|Salisbury's men's basketball team practices have a new face in the middle this season.
Salisbury athletics photo
By Ryan Scott
Often teams need adversity – losses or injuries – to find an identity and become what they’re capable of being. The Salisbury men and Trine women got their adversity out of the way early. Both teams had coaching changes after practice had already begun for the year.
Sea Gulls coach Andy Sachs and Thunder coach Ryan Gould were placed on leave in early October, with official departures announced at the end of the month. In both cases, assistant coaches were tapped to provide interim leadership for the season.
As similar as those scenarios are, the teams’ responses could not be more different.
“We all had something taken from us that we loved,” says Salisbury interim head coach Brian McDermott. “Coach Sachs was a tremendous coach for them and a great mentor for me. This is a life lesson; it’s part of growing up. You’re going to lose things you want; you’re going to lose things you love. Tomorrow is not guaranteed, so we’re staying positive and focusing on today.”
Salisbury’s coaching change played out over several weeks, often in the public eye, with frequent statements and pleas from Sea Gull players on Sachs’ behalf. Some players chose to leave the program following the turnover, but those who remain have used the challenge as motivation and as a means of becoming incredibly close.
“A couple guys left, which you totally understand,” says senior captain Chase Kumor, “They didn’t come here for the whirlwind they experienced. The guys we have left, though, aren’t going anywhere. It built a whole different level of trust for all of us. We’re all in.”
That trust is evident on the floor, with every player – one through 11 – giving encouragement and acting like coaches on the bench. “These guys believed in what they were doing before I ever met them,” says McDermott, who played on Salisbury’s Elite Eight team in the ‘90s. “If life deals you a rotten hand and you get through it, you’re going to be stronger. No one else in the nation has gone through what we’ve been through.”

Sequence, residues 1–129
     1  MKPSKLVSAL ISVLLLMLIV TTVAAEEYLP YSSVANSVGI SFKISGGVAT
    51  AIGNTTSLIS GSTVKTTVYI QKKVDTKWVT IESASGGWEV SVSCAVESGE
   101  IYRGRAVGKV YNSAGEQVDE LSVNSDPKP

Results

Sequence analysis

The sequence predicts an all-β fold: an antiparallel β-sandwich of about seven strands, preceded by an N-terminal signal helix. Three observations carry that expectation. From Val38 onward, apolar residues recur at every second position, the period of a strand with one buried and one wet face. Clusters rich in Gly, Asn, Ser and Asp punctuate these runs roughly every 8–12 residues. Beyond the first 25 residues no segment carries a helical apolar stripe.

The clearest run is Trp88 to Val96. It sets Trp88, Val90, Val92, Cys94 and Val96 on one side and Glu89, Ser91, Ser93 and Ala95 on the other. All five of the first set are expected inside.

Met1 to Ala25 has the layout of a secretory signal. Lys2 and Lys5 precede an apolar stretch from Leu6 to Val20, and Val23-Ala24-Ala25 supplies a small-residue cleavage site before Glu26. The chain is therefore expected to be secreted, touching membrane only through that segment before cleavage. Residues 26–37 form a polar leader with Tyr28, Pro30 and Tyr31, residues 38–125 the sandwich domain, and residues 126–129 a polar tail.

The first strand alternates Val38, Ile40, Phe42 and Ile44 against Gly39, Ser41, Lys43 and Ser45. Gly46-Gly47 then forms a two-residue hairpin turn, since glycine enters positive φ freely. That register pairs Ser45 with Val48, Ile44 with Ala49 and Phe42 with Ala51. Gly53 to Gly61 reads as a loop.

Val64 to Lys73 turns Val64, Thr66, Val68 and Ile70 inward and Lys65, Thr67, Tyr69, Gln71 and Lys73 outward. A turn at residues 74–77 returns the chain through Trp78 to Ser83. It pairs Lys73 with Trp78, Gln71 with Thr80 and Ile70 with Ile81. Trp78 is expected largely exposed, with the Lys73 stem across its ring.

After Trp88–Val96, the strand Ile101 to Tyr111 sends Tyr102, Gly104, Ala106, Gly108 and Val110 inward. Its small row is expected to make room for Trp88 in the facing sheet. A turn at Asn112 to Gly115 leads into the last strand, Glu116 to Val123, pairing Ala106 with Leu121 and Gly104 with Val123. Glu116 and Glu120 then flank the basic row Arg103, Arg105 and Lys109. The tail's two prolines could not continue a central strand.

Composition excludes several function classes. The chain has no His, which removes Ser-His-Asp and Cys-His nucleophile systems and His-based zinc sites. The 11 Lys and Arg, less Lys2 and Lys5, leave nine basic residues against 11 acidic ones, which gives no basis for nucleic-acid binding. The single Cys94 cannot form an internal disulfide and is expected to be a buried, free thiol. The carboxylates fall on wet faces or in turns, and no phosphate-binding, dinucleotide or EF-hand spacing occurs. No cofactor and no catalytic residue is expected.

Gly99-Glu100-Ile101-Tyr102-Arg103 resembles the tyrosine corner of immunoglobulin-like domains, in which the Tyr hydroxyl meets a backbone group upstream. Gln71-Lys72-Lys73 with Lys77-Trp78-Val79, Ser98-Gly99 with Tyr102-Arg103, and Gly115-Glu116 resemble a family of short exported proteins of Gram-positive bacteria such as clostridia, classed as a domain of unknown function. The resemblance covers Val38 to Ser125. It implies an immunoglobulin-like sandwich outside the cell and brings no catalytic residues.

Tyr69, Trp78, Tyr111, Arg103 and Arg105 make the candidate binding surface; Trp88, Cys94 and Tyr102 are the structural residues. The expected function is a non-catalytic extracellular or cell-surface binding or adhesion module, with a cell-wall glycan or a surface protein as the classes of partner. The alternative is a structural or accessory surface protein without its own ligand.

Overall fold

No other men’s team, anyway. The Trine women have increased their profile with twenty win seasons each of the last two years. Their crashing of the Hope-Calvin party in the MIAA coincided with Gould’s four-year tenure. Perhaps as a testament to the Trine culture, the team has handled the change largely by ignoring it.
“We didn’t dwell on it a lot,” says interim head coach Andy Ring, previously an assistant coach and assistant athletic director. “We talked about it a couple times, then we let it go. We can’t control what happens outside the basketball court. We dealt with it head on and then we moved on.”
“The one thing we’re focused on here at Trine is playing basketball,” adds senior Cassidy Williams. “We’re keeping what’s off the court off the court and focusing on each game as it comes.”
|Brandi Dawson has started her senior season in the same consistent manner she's played three other seasons for Trine.
Trine athletics photo
So far, that’s been successful. The Thunder are 5-1, with the loss being a two point heartbreaker to No. 21 DePauw. All-American Brandi Dawson is back for her senior year, but the team lost MIAA Defensive Player of the Year, Hayley Martin, and are incorporating eight freshmen into the team this season. “The freshmen are very comfortable and always wanting to get better,” says Dawson. “They’re a hardworking group and very skilled.”
Those freshmen, as typical on a successful team with veteran leadership, aren’t getting a ton of time now, but they’ll be integral to the second unit going forward, especially as the Thunder tackle conference play, starting this weekend.